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Speaker of the House Nancy Pelosi, (D-Calif.)., speaks during her weekly news conference in Washington on Thursday, March 12, 2020. (Photo: Caroline Brehman/CQ-Roll Call, Inc via Getty Images)

Speaker of the House Nancy Pelosi, (D-Calif.)., speaks during her weekly news conference in Washington on Thursday, March 12, 2020. (Photo: Caroline Brehman/CQ-Roll Call, Inc via Getty Images)

Pelosi Accused of 'Trying to Do an End-Run Around Her Own Party' by Sending Spy Powers Bill to Conference

"Speaker Pelosi and Chairman Schiff have done everything in their power to ensure the House cannot vote on the warrantless surveillance of Americans' internet activity."

Jessica Corbett

After the U.S. House voted Thursday to request a conference with the Senate for legislation to reauthorize controversial government surveillance powers, civil liberties advocates called out Speaker Nancy Pelosi and other Democratic Party leaders, warning that the move could further weaken a measure that already lacks crucial privacy protections.

"This outrageous move by Speaker Pelosi does nothing but endanger protections specifically designed to protect religious groups and the press."
—Sean Vitka, Demand Progress

"This outrageous move by Speaker Pelosi does nothing but endanger protections specifically designed to protect religious groups and the press," Demand Progress senior policy counsel Sean Vitka declared in response to the 284-122 vote.

"That's exactly what's at stake here, and it's all to prevent representatives from having any chance to strengthen the weak privacy protections in this bill," Vitka added.

The step toward a conference came after Democratic House leadership on Wednesday night postponed a vote on the Senate-approved USA FREEDOM Reauthorization Act of 2020 (H.R. 6172). The bill would reauthorize until December 2023 three Foreign Intelligence Surveillance Act (FISA) authorities that expired on March 15: Section 215 of the USA PATRIOT Act of 2001 as well as the "lone wolf and "roving wiretap" powers.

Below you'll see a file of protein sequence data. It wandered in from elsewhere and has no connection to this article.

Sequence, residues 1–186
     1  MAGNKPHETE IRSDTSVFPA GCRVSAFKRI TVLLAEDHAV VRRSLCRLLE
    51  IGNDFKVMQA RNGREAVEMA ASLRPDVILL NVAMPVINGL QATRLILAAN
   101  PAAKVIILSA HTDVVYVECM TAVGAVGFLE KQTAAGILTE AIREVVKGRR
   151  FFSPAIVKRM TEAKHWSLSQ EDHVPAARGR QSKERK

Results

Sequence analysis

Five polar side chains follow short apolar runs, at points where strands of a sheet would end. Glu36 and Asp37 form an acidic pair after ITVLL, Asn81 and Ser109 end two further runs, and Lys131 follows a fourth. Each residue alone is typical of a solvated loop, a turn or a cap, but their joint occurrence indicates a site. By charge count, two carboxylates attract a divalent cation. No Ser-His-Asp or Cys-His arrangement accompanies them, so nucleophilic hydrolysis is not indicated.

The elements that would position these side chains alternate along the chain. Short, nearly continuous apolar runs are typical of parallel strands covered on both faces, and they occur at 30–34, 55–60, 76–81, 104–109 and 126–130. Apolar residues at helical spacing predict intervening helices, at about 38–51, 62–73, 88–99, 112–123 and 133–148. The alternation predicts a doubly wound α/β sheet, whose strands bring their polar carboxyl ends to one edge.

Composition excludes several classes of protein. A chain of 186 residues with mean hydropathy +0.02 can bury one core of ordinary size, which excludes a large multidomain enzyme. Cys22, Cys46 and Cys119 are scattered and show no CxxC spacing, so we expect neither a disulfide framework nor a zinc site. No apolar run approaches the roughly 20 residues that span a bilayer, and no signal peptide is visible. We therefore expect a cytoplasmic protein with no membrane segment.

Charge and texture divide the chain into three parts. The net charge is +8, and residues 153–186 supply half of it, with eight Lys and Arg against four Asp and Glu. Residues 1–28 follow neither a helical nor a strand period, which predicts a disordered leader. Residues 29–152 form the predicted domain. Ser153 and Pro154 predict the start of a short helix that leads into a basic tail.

Privacy advocates had praised the Senate for approving an amendment from Sens. Mike Lee (R-Utah) and Patrick Leahy (D-Vt.) to increase protections for political or religious groups and journalists, but condemned the chamber for failing to pass an amendment from Sens. Steve Daines (R-Mt.) and Ron Wyden (D-Ore.) prohibiting the use of Section 215 for warrantless surveillance of internet search and browsing history.

Faced with pressure from advocates and progressive policymakers to reconsider the Daines-Wyden amendment, Reps. Zoe Lofgren (D-Calif.) and Adam Schiff (D-Calif.), chairman of the House Intelligence Committee, worked out watered-down compromise. The narrower proposal was intially celebrated, but once it was fully understood, it was widely condemned, including by Wyden. That led to a revolt among progressives, which—along with GOP opposition—forced Pelosi to postpone the vote.

The delay was welcomed as "a winning moment for civil-liberties advocates across the political spectrum" by Free Press Action government relations director Sandra Fulton. However, she noted, "this is just a temporary reprieve"—and it didn't last long.

As Vitka put it Thursday: "Speaker Pelosi and Chairman Schiff have done everything in their power to ensure the House cannot vote on the warrantless surveillance of Americans' internet activity, and worse, to ensure Congress doesn't know what it's reauthorizing."

In a series of tweets Thursday, Evan Greer, deputy director of Fight for the Future, detailed the recent moves by Schiff and Pelosi, and accused the speaker of "trying to do an end-run around her own party" with the conference request.

Greer also raised alarm about the uncertain future of the Lee-Leahy amendment. Privacy advocates had celebrated after the Senate passed that measure 77-19.

"Speaker Pelosi has a tremendous amount of power," added Greer. "She should be using it to protect the people the Trump administration is targeting, not hand the Trump administration more power to target them."

As The Hill reported Thursday:

The Senate will also have to vote to formally launch a conference committee. Senate Majority Leader Mitch McConnell (R-Ky.) and House Minority Leader Kevin McCarthy (R-Calif.) talked on Thursday morning about the plan to go to conference to work out the differences.

"The Leaders spoke this morning. Going to a conference committee is regular order when the two chambers disagree," a spokesman for McConnell told The Hill.

If the conference moves forward, Lofgren and Schiff will help lead negotiations for the House, according to The Hill. They will be joined by Rep. Devin Nunes (R-Calif.), ranking member of the House Intelligence Committee, and Reps. Jerrold Nadler (D-N.Y.) and Jim Jordan (R-Ohio), the leaders of the Judiciary Committee.


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